Land use control, in the context of the liberal democratic state, signifies a suite of legal and technical tools for regulating social and material elements of the city. Over the past 120 years in Canada, such controls have become omnipresent within urban planning practice across jurisdictions. Ideas of land use have become ubiquitous within contemporary planning discourse and can appear as apolitical in the classification of urban space, often going unnoticed by the general public and uncontested within planning itself. Yet land use is political, and geographers, legal scholars, and critical planners have recently paid renewed attention to the power-laden features of land use control, particularly as they relate to the regulation of people and private property. In this article-based dissertation, I build and expand on this recent work and look to early 20th century planning in Canada (ca. 1910-1945), in the cities of Winnipeg and Vancouver, to look at then-emerging relationships between land use planning, people, and private property. I use archival methods and discourse analysis to outline case studies of local land use planning relative to broader planning discourses at the national scale. Specifically, I ask 1) how land use has been shaped in relation to urban planning and property in key early moments of Canadian planning history 2) how discourses of waste and improvement have been used to spatialize particular land use arrangements, and 3) how land use controls aimed at eliminating waste and facilitating improvement can subject people and things to exclusion/marginalization. In doing so, I expose land use planning as a political tool for orienting people and private property toward normative ways of being, while also classifying certain forms of land and life as deviant, aberrant, and wasteful – meant to fall away under schemes of improvement. I conclude by offering possible directions for future scholarship and show how a deeper understanding of land use planning history and procedure can help transform and dismantle entrenched liberal formulations of land use.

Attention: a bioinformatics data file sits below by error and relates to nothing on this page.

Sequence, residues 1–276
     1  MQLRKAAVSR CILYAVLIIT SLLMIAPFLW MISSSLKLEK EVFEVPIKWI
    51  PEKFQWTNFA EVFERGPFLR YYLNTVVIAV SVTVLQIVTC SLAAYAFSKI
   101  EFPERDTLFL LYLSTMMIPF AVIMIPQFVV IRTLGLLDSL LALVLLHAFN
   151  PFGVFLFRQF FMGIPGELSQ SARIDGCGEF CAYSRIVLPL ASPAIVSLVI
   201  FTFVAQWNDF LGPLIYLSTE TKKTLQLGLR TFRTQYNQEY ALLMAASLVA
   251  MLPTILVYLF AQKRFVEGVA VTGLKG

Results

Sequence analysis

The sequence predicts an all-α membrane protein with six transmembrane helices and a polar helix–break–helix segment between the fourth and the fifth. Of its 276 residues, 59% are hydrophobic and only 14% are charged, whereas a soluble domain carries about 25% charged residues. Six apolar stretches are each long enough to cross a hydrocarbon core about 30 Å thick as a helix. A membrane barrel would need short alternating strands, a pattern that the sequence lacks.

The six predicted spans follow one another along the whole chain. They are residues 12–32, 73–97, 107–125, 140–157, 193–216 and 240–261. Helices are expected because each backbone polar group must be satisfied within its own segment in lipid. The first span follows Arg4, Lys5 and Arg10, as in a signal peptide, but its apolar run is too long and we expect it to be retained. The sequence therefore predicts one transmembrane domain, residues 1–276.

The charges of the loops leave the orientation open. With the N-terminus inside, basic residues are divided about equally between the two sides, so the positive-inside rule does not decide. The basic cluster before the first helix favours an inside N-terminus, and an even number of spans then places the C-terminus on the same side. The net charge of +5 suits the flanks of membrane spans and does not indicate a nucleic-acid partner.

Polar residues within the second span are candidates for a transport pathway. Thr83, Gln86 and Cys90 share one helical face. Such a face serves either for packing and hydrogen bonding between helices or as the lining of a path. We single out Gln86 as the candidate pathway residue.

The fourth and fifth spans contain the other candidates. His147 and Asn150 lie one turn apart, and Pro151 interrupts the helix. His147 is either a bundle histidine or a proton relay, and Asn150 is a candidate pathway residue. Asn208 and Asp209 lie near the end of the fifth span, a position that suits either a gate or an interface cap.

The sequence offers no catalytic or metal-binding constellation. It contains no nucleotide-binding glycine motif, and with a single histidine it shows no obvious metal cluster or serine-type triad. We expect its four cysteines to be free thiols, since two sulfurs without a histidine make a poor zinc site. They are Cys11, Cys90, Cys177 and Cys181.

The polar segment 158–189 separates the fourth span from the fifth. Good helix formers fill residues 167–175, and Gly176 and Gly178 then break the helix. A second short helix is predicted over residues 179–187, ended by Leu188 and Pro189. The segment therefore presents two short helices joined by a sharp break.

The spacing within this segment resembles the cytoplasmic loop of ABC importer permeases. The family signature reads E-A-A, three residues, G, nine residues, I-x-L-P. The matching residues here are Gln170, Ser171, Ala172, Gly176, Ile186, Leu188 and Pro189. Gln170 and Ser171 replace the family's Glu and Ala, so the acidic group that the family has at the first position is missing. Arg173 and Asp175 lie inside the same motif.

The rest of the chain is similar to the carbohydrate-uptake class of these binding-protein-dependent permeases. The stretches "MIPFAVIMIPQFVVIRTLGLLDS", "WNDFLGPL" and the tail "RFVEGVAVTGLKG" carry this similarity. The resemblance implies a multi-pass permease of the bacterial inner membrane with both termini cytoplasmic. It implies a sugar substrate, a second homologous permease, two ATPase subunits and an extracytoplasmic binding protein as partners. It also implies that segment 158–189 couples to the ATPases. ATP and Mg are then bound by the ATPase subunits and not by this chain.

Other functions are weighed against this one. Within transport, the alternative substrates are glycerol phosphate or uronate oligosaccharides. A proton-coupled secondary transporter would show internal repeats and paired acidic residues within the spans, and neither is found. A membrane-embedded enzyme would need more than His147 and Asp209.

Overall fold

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Thesis advisor: Blomley, Nicholas
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